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Cloudflare And Plugins
In a previous post we noted the difference speed can make in search engine ranking. The same content delivered in different ways was listed on the same domains but in different positions between desktop and mobile indexes. Site Speed Affects Ranking
In this post we’re going to review two less popular ways to speed up your site and we’ll mention the popular ways. There’s a reason why Ultimate SEO uses slightly different processes for page load.
Often people download plugin optimizers and add page cache plugins to speed up their sites. Caching is important and serves as one of the best methods of speeding up a site, but there are several points in which you may decide to cache content and where you decide to make that choice does matter.
Here are is a very simple diagram of a site and users who are asking that site for content. In the first image we have just a server running WordPress that uses a database. In the second we have added a plugin like Super Cache or what have you. The cache is on your server…which keeps the workload and delivery of content still on your server.
This is where folks usually stop and this isn’t the most effective measure. Adding a plugin doesn’t really move the workload it just allows the server to deliver older content but its still the server answering all the requests from visitors. Thats where a free service such as Cloudflare comes into play.
Cloudflare Assumes The Work Load
By putting Cloudflare in front of your server Cloudflare assumes the workload and it addresses the visitors. It provides copies of what your site has given it to many people and that moves the cache off of your server. No plugin needed. Even better … Cloudflare is free at this level.
Cloudflare also can offer you the use of Edge servers…these are servers on the edge of the cloud, closer to your visitors. Think of it like this … CLoudflare has a server in San Francisco, New York and London (they have many more but for our purposes think of these three) and you have a visitor in San Diego and another in Paris. The San Diego user is served content from San Francisco and the Paris visitor is served content from the London server. Since they are closer to these servers they get the info faster than they would if there was only a New York server. Also they get the info faster because there are fewer visitors per server than if there were only one server.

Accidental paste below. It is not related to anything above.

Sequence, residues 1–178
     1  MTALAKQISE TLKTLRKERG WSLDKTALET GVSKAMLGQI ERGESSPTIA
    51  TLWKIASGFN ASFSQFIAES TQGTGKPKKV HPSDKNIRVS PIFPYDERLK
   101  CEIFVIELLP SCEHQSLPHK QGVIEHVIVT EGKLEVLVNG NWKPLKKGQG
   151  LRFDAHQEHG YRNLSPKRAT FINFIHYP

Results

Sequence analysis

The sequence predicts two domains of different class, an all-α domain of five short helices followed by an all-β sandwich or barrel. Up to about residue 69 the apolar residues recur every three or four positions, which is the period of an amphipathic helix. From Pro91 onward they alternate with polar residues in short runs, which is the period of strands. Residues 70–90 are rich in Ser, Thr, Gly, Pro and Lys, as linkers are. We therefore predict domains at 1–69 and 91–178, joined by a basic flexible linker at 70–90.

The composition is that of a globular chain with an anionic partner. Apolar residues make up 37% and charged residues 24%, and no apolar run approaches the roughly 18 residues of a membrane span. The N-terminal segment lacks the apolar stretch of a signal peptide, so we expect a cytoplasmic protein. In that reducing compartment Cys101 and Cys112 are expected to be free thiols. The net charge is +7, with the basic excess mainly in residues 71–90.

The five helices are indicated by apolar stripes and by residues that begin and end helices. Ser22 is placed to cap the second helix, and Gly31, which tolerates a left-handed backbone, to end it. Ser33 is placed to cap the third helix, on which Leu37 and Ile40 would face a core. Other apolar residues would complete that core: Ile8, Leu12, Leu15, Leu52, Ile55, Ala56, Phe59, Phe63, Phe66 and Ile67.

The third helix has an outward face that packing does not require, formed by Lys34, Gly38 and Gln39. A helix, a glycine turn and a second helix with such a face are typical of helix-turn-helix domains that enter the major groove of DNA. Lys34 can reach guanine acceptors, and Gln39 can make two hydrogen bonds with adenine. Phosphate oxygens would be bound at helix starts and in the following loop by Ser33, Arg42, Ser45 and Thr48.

JetPack is a plugin that also offers services where they host your photos and media on their Edge servers for free much like Cloudflare. They are different servers and a different network but an additional service.
Cutting Page Load In Half
We already have everything to cut our page load in half. No editing of the site or optimizing the content … although thats all good to do. Consider the following real life speed test I ran on Ultimate SEO’s homepage today.
First just the server with no help.
Then we add Cloudflare and use it’s performance settings like Mirage and Edge servers
In the image above we’ve added cloudflare and removed the server cache. Cloudflare itself servers as our cache and with the Edge servers it moves copies of these files closer to the individual visitors also providing load balance benefits. Our server is only used when something isn’t cached or after it has aged too old.
This setup also provides us with DOS protection. As attackers would be hitting the Cloudflare network which is massive and able to absorb thousands of requests.
We cut our load time from 7.1 to 3.8 seconds with just that! The first step is the one that yields the most. In another test I removed Cloudflare and I turned on Jetpack and we received similar speeds at 3.7 and 3.6 seconds.
The goal is to load a page as fast as possible with 3 seconds serving as your redline. 4 seconds is decent but it is officially a second over the line. The average website loads in 7 seconds according to GTMetrix.com … but keep in mind the average server is not ranking in the top of search results. If you want to be number one, you have to stop thinking about what everyone else is doing.
Both Cloudflare and Jetpack
With both we get even better results…now our page loads in less than half the time!
In the image above Jetpack servers are green, Cloudflare servers are yellow and your original server remains red. In this configuration visitors barely have any interaction with your server directly.
I also added another favorite plugin to this mix and you can see additional savings via less Requests. Merge + Minify + Refresh combines JS and CSS files so that you can control the number of requests easier. Other more popular plugins are available but I specifically do not like the most popular one so I endorse Merge + Minify + Refresh.
The law of diminishing returns is in full force now. Adding additional optimizations can be done but their effectiveness will become negligible. Additional optimizations available also are redundant such as Leveraging Browser Caching … thats already in Cloudlare. Optimizing the database isn’t going to impact us much as we largely don’t even make calls to the Database or the server for that matter.
We’ve moved the work of rendering our site off of our server and we’ve cut load times from 7.1 seconds to 2.9 seconds and all for free.
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